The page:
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Letting Students Lead: Race in the Classroom

Like my last post, this is addressed primarily to my white readers, this time the white teachers who read my Work Thursday posts.

I’m white, from a super-privileged middle class background, one that has benefited a lot from systemic racism. Many of my students over the years, however, have been Black, from a variety of backgrounds. This is obviously not ideal for race discussions in the classroom.

If, like me, you were raised in these white middle class spaces (of which the college classroom is often an extension), discussions of race are uncomfortable, because you were taught as a child to “not see color” and other easy aphorisms. But, also, if you’re anything like me, you want to do better and have been trying to do better for a while now. You’ve been reading and watching Black voices, trying to understand what your role is in helping. Perhaps you’ve been thinking about how you can lead discussions about race in your classroom, but you’re coming up against “How can I, as a white person in a position of authority, teach race and anti-racism to my mixed room of students?”

My best answer, based on experience and what I’ve been seeing from experts who know better than I, is that you approach it primarily with humility.There have definitely been moments in the classroom when I’ve discussed systemic racism and acknowledged what it looks like when I, the teacher, am probably the most privileged person in the room, and that acknowledgement matters. But mostly, I suggest that you let your students be the experts.

Let your students bring their lived experiences and their knowledge of Black and other marginalized voices. What you bring to the table is systematic ways of processing these things, historical perspective, and the means to use platforms to communicate those experiences. That is, they have the content and the knowledge; you have the methods to contextualize and use that content and knowledge.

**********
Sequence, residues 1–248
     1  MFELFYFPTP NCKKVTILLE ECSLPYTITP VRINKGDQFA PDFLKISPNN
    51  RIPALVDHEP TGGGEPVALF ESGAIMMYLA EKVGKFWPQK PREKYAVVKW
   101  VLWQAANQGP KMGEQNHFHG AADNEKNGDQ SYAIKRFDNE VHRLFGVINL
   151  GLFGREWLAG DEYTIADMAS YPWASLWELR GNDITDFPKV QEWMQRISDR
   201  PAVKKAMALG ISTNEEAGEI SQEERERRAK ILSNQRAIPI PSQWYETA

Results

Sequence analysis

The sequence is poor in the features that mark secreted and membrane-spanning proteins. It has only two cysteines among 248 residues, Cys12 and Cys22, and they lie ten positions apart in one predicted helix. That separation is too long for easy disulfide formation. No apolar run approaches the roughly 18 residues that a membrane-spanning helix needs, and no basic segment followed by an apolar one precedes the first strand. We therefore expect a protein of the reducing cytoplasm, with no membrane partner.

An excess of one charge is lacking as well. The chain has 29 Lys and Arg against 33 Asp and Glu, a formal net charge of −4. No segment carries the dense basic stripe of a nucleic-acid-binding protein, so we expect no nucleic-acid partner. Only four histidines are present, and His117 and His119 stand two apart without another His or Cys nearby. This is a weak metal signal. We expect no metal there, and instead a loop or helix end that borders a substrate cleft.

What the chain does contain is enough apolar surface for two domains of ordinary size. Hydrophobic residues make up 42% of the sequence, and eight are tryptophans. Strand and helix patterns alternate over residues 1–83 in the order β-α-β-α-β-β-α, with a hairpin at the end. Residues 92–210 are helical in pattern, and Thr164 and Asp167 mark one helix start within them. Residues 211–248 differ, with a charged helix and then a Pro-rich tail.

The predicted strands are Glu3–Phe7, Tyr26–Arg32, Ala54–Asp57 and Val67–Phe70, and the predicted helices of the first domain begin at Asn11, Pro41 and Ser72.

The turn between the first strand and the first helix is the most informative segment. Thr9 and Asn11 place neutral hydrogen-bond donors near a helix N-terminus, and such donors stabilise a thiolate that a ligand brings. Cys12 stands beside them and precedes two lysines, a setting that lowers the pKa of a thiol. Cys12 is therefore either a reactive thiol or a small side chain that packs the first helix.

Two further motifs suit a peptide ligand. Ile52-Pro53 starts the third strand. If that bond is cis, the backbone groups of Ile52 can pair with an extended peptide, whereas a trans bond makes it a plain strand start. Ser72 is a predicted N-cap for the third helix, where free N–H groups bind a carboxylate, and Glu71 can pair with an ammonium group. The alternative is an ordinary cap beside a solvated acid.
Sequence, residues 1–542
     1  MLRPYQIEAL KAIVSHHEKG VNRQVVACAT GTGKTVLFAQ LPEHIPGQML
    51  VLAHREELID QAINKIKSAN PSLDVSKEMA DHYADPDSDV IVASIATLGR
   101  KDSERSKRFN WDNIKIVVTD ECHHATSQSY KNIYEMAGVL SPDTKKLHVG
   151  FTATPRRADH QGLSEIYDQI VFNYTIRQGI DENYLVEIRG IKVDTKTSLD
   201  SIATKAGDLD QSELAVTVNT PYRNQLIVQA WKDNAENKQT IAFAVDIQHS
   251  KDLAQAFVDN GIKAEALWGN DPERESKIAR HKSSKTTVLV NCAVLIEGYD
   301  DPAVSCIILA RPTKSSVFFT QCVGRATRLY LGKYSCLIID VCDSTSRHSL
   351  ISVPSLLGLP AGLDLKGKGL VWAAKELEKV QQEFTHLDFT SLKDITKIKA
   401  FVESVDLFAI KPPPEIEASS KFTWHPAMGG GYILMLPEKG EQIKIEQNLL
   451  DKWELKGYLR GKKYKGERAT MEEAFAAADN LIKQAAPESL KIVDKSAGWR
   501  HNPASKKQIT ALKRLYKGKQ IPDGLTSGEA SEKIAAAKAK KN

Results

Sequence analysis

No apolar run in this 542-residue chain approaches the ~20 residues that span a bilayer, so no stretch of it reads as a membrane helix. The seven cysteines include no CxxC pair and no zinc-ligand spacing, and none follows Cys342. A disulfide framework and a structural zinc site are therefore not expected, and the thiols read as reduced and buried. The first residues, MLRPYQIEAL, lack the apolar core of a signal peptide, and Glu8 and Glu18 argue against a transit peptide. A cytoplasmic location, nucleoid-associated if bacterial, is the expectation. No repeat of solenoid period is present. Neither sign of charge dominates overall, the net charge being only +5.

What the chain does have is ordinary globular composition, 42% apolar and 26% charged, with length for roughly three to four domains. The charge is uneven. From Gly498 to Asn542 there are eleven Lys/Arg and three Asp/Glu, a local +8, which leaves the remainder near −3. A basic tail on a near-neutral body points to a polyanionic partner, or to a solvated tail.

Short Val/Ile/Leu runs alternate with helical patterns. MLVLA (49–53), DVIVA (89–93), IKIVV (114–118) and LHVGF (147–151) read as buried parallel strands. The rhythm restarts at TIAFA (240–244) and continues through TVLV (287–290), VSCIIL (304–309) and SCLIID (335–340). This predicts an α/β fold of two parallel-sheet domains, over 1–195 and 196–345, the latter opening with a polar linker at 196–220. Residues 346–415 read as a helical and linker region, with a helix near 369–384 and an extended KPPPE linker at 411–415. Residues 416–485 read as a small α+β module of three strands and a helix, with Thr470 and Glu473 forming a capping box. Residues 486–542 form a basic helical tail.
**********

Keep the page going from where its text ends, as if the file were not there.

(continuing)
Good learning is collaborative; let your students take leadership roles
(Photo from StockSnap)

What does this look like in lived experience?

(obviously I’m going to be a little vague here to protect my students)

A couple semesters ago, my university had some rather awful racist stuff happen publicly. As my students were picking topics for their projects, I had a very talented young woman, who was Black, decide she wanted to use the projects in my class to speak out about these incidents. What was my role here? To say “yes, you can and should do that.” To give her resources to build her argument. To help her craft her argument in a way that would be effective for the various rhetorical situations she was looking at. The project, by the way, was wonderful, and I believe she did actually present it to real audiences. The credit, of course, as with all student projects, goes entirely to the student. I just gave feedback.